By Scott Meacham
Copyright © 2017, The Oklahoma Publishing Co.
There are many good reasons that students and parents would choose to participate in the Oklahoma School of Science and Math (OSSM) regional center program.
Jobs are at the top of my list — good jobs that build toward meaningful careers and earnings.
More than half of today’s occupations require some degree of technical skills, including many jobs that do not require college degrees. STEM-related jobs (science, technology, engineering, and math) are the fastest growing U.S. occupations at 17 percent, with others growing at about half that rate.
Annual salaries for STEM-related jobs average are about 40 percent more than non-STEM jobs, and even if a student doesn’t go into a STEM career, problem-solving is one of the top three soft skills that employers across all sectors are looking for.
And the reasons for more STEM go beyond future jobs. The OSSM centers create a sense of community for like-minded high school students who take their coursework and college prep seriously. The three hours per day of OSSM’s rigorous science and math curriculum helps them earn college AP credits and improved ACT scores.
Students take General Physics, AP Calculus BC (equivalent to two semesters of college calculus), and AP Physics C: Mechanics (a calculus-based physics class).
“If students score well on AP tests (most schools will give credit for a 3 out of 5 score), they could gain as much as 10 to 12 hours of college credit that’s practically free,” said Tony Cornforth, calculus and physics teacher at the OSSM regional center housed on the campus of Mid-America Technology Center in Wayne.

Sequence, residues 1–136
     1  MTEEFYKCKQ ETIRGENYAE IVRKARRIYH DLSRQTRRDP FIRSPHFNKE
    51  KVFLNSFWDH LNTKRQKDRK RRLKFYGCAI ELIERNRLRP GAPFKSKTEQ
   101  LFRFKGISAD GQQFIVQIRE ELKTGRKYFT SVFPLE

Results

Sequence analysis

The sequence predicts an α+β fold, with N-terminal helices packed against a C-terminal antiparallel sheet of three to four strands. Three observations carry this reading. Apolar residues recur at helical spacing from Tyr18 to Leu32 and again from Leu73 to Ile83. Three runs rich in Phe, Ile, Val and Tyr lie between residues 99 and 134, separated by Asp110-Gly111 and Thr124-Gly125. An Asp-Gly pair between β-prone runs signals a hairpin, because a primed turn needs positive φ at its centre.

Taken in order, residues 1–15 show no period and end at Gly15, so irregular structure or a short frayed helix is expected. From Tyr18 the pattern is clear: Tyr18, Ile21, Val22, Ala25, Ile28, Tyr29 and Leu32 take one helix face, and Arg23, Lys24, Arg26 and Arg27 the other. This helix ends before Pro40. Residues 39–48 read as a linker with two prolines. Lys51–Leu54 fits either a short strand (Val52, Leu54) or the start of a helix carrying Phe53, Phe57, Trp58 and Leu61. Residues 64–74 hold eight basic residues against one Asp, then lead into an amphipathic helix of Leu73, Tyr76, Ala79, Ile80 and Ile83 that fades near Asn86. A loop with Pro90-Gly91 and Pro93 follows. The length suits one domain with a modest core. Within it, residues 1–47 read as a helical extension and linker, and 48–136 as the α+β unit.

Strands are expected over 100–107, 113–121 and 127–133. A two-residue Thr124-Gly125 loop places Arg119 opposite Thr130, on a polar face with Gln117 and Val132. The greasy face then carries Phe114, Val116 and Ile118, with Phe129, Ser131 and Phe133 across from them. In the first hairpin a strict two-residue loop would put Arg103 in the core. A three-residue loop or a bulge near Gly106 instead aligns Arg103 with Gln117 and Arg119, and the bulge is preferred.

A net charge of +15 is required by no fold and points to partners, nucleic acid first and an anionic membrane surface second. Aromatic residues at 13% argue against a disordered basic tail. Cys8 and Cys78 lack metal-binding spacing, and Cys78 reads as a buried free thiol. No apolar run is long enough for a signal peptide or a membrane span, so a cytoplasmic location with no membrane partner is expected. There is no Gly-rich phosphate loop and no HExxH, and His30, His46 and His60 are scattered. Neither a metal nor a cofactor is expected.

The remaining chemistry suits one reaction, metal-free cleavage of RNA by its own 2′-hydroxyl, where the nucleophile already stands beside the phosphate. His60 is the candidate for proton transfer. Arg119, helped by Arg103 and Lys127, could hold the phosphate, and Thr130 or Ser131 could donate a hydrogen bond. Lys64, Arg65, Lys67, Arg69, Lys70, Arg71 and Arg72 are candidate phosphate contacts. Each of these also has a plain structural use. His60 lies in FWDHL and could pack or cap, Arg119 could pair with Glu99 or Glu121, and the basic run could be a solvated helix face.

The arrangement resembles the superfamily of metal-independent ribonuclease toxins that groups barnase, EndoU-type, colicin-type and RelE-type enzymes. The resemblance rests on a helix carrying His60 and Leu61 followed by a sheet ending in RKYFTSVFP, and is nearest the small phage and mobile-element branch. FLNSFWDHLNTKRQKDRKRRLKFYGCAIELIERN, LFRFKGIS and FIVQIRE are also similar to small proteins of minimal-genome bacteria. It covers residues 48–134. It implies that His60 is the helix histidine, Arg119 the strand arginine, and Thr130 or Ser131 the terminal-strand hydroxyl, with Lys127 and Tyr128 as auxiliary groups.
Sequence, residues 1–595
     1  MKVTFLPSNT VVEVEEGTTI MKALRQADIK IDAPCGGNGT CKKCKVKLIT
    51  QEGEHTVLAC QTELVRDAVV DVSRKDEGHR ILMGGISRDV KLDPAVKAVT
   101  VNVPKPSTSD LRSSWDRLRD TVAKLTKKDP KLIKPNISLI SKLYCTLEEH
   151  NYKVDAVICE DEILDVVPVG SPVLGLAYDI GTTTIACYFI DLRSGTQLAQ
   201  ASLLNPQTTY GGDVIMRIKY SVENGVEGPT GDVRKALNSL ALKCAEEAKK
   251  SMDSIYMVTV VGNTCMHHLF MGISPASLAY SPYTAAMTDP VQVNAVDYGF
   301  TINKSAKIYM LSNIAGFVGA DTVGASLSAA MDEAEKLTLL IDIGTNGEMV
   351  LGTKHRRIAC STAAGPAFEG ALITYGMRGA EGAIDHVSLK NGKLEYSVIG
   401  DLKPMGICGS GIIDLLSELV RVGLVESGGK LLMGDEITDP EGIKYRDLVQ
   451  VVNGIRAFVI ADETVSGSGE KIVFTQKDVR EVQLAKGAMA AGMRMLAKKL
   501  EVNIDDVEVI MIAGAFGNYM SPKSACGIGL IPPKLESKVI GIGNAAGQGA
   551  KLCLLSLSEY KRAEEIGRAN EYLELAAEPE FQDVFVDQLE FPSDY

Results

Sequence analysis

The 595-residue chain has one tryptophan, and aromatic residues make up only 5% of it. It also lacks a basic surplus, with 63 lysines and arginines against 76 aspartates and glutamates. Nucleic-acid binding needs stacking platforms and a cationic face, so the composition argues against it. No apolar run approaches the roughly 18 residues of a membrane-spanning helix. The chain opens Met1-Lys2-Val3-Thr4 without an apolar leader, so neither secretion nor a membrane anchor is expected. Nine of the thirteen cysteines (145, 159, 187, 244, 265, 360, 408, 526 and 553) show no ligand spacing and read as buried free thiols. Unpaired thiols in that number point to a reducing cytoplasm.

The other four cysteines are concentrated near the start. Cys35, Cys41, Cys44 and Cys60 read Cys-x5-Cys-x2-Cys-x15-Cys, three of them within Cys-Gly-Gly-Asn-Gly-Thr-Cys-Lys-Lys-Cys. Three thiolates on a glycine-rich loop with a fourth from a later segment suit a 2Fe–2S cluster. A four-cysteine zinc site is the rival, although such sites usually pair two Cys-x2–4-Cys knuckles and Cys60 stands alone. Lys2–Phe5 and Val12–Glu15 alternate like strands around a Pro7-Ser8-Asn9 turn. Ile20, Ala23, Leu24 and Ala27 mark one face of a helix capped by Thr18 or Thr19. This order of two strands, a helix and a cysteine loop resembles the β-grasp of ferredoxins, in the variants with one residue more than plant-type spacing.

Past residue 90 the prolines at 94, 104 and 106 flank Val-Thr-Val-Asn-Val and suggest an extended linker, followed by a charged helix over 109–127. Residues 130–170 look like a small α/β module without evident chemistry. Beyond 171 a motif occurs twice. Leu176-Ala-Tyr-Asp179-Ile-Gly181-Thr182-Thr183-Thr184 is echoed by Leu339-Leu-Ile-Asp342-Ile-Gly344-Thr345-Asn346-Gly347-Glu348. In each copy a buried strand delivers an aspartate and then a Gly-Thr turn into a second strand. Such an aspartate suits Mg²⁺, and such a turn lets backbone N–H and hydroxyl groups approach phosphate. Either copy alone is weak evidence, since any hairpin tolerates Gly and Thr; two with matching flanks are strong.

Mastering the subject matter and developing rigorous problem-solving skills help students achieve higher results on their ACT tests. The average gain across the 206 students in Cornforth’s classes over the last 10 years has been 3 points per year; that’s quite a bit since the top ACT score is 36. The largest gain has been 11 points.
Cornforth, who grew up in a very small town in northwest Oklahoma, said something that I can’t get off my mind.
“In high school, I did everything they told me to do,” he said. “I was valedictorian, but within the first four weeks of college I failed a math and a science test. I don’t want any rural kid from Oklahoma to go through that overwhelming feeling of failing and not being prepared. I want them to have a rigorous experience in high school and be ready for college from the first day.”
Are these OSSM classes challenging? Of course, they are. Are there plenty of students in Oklahoma’s regular high schools who deserve this type of college and life preparation and are up to the task? Of course, there are.
Parents and educators, let’s promote this learning opportunity for Oklahoma’s youth and make a real difference in some young people’s lives.
Scott Meacham is president and CEO of i2E Inc., a nonprofit corporation that mentors many of the state’s technology-based startup companies. i2E receives state support from the Oklahoma Center for the Advancement of Science and Technology. Contact Meacham at [email protected].